In speculating that the pending transport White Paper might not contain sufficiently radical modal transfer measures, Alastair McLellan may be overlooking the proposed tax on private non-residential parking (PNR), announced only last week. Long overdue, this is the most promising measure yet to be brought forward.
PNR accounts for a high proportion of the parking stock in most established centres, so thwarts many a council's efforts to achieve traffic restraint through parking demand management.
Pricing it on a par with public parking spaces would substantially resolve this problem and restore to local authorities some measure of control over their local transport environments.
Given the abundance of PNR at out of town malls and business parks, the tax would redress the balance of attraction between in-town and out of town facilities serving to revitalise local centres. It
would moreover provide incentives to home working
and tele-shopping, leading to less commuting and more energy efficient retail distribution.
But most import of all is the enormous revenue raising potential of a PNR tax for investment in sustainable transportation projects.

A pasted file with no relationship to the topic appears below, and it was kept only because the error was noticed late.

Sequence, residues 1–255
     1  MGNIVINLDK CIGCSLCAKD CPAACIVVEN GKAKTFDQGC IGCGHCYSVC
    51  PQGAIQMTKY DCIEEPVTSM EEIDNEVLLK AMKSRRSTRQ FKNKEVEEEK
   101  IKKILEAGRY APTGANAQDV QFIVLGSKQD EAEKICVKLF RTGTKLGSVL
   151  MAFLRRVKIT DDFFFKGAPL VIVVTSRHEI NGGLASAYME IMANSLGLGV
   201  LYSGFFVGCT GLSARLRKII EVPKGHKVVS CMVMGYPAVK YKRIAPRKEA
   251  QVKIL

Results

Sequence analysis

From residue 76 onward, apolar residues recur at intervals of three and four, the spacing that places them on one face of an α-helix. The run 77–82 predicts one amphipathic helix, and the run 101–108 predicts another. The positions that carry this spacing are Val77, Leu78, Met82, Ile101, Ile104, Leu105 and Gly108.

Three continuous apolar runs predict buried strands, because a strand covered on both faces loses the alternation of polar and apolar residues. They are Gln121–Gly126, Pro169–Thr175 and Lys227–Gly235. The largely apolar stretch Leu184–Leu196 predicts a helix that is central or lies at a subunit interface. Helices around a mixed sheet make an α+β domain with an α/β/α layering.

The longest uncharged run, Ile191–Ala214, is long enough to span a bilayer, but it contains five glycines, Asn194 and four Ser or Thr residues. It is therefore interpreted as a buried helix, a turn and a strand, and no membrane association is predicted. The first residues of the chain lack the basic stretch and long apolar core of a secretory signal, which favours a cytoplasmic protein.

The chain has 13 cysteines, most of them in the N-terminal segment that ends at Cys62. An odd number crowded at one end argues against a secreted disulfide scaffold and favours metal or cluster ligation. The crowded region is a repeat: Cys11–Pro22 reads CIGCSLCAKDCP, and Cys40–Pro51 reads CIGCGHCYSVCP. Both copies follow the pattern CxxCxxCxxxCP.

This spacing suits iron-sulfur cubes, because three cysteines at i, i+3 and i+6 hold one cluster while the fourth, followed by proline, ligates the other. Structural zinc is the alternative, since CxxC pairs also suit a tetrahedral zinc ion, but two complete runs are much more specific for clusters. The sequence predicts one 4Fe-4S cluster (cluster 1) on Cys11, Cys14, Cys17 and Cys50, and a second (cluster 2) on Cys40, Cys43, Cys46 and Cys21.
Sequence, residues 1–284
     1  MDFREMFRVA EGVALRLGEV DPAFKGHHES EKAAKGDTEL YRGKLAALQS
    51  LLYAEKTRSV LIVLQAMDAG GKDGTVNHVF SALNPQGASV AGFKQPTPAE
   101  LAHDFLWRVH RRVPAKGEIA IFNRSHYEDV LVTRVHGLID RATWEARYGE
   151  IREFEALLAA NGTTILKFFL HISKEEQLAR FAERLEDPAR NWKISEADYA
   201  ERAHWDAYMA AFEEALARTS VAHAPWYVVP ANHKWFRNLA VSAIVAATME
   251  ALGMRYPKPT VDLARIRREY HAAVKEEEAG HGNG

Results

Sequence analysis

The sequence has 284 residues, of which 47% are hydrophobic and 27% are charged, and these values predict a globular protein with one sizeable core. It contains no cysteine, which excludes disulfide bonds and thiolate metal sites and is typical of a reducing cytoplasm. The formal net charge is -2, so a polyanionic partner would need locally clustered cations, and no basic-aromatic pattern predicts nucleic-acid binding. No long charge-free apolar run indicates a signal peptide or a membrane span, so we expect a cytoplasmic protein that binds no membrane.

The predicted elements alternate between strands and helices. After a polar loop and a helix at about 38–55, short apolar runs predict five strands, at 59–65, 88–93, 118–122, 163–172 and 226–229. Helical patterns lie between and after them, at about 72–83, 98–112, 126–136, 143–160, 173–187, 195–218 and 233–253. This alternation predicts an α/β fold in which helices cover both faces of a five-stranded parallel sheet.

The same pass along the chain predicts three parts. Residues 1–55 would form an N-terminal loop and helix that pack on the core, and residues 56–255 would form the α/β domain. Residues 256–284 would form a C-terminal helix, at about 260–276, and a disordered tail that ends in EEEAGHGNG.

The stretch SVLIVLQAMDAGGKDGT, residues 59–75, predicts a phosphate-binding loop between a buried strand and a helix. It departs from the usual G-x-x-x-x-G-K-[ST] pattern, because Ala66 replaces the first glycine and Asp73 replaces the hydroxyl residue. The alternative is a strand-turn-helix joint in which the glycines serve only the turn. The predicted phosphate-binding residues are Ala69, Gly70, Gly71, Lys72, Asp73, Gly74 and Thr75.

Given that government now recognises these benefits, councils should be considering the local implication right away, not three years down the line when the tax may be operative and displacing thousands of vehicles from office car parks to peripheral residential roads. All those shelved 'politically sensitive' plans for new and extended controlled zones should now be dusted-off and put out to public consultation without delay.
B Hanson(M), technical director, Aspen Consulting Group, Dippen Hall,
Blindley Heath, Surrey,
While our profession seeks to demonstrate that we are literate as well as numerate, it is unfortunate that you use the Hollywood expression 'towering inferno' to describe a high building on fire in
your issue of 11/25 December 1997.
Inferno is from Dante meaning the nether regions or hell; to describe them as towering is surely an oxymoron. He also envisaged their worst part to be extremely cold.
D Dennington (F), 25 Corkran Road, Surbiton, Surrey, KT6 6PL.